Thursday, September 13, 2012

A Little About Tomatos and Seeds

Today hubby picked some tomatoes, now we didn't grow any tomatoes this year, as a matter of fact, we didn't grow anything. I was away from home most of the summer, and I knew I would be, so we didn't plant a garden this year.

Sooooo, I asked hubby where he got the tomatoes from? From the compost pile, he quite frankly replied. They're a pink, not red, cherry type of tomato, but the shape was oblong, every one of them. Not a round one in the bunch, but they weren't pear shaped tomatoes either. So after a quick brush on the ol' t-shirt I popped one in mouth, not quite knowing just how it was going to taste......or even if it would be edible. I mean, you never know when it comes to volunteer tomatoes. Well, it was actually quite tasty.

It was meaty and not too sweet, maybe a little on the tough side, almost like a miniature roma. It had a wonderful tomato flavor, mellow and not too tart. I would have to say, it was the perfect tomato. I have no idea how this volunteer came to be, because I didn't grow or buy any tomatoes that looked, or tasted, like this. So this leads me to believe that this tomato is a hybrid.

For those of you who don't know what a hybrid tomato is, it's a tomato that grew from a seed that carries the characteristics of two plants, we'll say the mother plant and the father plant. When the mother plant was in blossom, had a flower on it, some pollen from another tomato plant pollinated the flower either by insect or by wind. Anyhow what resulted was a seed inside the tomato that grew from that flower that carried the characteristics of both plants........thus a hybrid. Now, if I keep and plant the seeds from this plant, it may or may not produce a plant just like the one it came off of. It may produce something closer to the mother plant or the father plant.....or maybe even something entirely different from any of the plants. But.....if I'm lucky it just may produce a plant just like its parent plant.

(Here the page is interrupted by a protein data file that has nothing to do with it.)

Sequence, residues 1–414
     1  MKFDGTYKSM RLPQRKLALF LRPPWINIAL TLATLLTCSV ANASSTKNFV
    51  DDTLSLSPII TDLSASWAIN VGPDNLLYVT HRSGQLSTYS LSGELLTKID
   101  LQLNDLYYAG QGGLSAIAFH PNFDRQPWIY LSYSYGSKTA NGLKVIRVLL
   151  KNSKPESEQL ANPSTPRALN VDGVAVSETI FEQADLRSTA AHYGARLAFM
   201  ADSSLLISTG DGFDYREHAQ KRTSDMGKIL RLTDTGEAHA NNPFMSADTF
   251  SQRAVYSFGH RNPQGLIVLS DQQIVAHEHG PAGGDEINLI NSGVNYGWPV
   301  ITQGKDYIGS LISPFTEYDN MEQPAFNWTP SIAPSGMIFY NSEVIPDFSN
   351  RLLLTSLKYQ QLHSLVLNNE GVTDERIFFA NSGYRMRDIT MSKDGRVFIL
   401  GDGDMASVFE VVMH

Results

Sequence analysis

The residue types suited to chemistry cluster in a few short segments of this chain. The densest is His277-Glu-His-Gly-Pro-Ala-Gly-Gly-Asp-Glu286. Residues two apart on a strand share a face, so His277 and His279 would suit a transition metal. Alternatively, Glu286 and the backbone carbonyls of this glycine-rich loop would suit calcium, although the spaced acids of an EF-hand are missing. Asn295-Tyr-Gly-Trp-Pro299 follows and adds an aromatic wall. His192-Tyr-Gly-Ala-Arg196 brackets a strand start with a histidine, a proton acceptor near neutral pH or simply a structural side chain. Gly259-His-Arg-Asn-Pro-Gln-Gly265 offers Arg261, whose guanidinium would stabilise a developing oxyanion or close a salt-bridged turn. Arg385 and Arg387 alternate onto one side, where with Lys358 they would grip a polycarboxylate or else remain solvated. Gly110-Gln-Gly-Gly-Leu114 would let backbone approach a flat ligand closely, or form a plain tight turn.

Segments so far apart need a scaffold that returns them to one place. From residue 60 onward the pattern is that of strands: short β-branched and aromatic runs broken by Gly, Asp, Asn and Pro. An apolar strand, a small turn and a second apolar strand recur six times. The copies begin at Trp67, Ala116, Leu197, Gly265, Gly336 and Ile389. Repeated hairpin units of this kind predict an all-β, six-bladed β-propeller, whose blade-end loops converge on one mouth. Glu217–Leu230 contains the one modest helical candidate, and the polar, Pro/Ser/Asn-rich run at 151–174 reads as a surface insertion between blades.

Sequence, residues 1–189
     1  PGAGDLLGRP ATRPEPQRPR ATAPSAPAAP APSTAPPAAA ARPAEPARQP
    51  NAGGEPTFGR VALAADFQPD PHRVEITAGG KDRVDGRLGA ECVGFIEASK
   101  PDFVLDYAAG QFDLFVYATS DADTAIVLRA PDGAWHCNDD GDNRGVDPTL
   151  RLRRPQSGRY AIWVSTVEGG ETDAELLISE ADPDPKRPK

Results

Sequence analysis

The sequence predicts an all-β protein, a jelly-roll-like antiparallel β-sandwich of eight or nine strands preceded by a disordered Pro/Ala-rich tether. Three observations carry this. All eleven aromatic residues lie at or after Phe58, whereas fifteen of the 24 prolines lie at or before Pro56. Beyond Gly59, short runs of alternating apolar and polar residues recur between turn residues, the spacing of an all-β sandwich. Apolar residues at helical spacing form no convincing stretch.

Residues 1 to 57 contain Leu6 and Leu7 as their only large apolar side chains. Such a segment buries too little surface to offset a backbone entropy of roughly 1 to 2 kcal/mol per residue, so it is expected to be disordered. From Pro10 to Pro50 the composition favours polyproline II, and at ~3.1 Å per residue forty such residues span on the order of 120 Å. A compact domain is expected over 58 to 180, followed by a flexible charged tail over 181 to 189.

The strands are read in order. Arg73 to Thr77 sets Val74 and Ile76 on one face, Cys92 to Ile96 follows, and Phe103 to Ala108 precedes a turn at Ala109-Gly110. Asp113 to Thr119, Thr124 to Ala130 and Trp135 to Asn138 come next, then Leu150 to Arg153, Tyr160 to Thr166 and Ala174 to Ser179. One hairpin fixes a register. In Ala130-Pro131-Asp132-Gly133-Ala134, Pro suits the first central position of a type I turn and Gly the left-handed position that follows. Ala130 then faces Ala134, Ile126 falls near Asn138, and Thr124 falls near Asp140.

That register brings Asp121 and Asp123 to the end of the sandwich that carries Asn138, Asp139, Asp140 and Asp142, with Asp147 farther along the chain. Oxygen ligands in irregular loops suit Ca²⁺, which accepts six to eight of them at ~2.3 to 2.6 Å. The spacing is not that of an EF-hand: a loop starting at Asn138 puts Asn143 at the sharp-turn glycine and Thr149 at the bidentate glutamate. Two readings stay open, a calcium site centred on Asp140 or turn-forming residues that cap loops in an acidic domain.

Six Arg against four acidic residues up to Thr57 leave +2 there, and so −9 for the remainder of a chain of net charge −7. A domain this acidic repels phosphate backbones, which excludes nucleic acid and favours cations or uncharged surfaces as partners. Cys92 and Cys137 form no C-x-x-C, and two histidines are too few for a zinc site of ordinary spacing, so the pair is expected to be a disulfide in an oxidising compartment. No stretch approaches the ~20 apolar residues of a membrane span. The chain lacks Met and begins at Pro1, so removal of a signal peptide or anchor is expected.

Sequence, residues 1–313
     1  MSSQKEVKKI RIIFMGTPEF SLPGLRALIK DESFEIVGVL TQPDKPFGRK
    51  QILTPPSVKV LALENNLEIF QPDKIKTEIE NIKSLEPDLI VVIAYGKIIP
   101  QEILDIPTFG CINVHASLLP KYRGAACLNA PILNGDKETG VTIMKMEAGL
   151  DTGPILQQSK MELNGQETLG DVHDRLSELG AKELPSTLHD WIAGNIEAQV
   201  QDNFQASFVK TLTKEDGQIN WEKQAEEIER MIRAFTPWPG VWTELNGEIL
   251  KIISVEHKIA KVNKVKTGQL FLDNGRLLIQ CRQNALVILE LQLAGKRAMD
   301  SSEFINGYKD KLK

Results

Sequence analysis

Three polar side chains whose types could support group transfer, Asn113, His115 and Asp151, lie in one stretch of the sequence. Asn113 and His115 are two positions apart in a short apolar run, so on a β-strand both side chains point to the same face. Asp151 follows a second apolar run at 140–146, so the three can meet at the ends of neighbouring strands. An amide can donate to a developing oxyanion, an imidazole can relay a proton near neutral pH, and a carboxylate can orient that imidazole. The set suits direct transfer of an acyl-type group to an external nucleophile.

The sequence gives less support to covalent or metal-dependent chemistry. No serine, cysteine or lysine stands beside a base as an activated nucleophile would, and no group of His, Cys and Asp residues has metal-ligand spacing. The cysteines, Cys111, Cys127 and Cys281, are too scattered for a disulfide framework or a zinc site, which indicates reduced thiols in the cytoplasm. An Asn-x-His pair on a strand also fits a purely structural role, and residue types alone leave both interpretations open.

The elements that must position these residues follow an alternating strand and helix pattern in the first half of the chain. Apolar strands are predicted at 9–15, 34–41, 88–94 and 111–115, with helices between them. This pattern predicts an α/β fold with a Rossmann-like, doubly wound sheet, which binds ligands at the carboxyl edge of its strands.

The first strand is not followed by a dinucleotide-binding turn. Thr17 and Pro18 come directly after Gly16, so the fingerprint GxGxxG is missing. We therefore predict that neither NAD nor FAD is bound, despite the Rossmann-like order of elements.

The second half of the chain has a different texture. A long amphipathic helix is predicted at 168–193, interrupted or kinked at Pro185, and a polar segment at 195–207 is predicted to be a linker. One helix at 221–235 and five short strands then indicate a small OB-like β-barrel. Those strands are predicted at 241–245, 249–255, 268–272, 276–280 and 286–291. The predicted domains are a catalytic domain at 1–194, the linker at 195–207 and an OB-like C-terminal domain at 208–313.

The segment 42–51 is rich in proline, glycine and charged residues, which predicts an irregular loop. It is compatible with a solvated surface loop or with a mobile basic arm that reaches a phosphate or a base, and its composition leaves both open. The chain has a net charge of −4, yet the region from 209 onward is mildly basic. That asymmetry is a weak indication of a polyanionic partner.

If I get at least one plant like the parent plant, I will plant those seeds and hope for another plant just like the parent plant.........and plant those seeds. And so on...... This is how different varieties of tomatoes become what is called open pollinated or heirloom after a period of time. Once a plant is stabilized, or produces the same plant year after year it can be given a name and the seeds sold or traded to help establish more plants.

That's the simple version of how new tomato cultivars are produced. So if you're a tomato guru, I just wanted to make it as simple as possible for everyone to understand and I know there's more to it than this.

Here's a few pictures of hubbys tomatos, we'll see what happens next year.

Until next time dear friends, I wish you all love and peace. Have a wonderful day and a better tomorrow.

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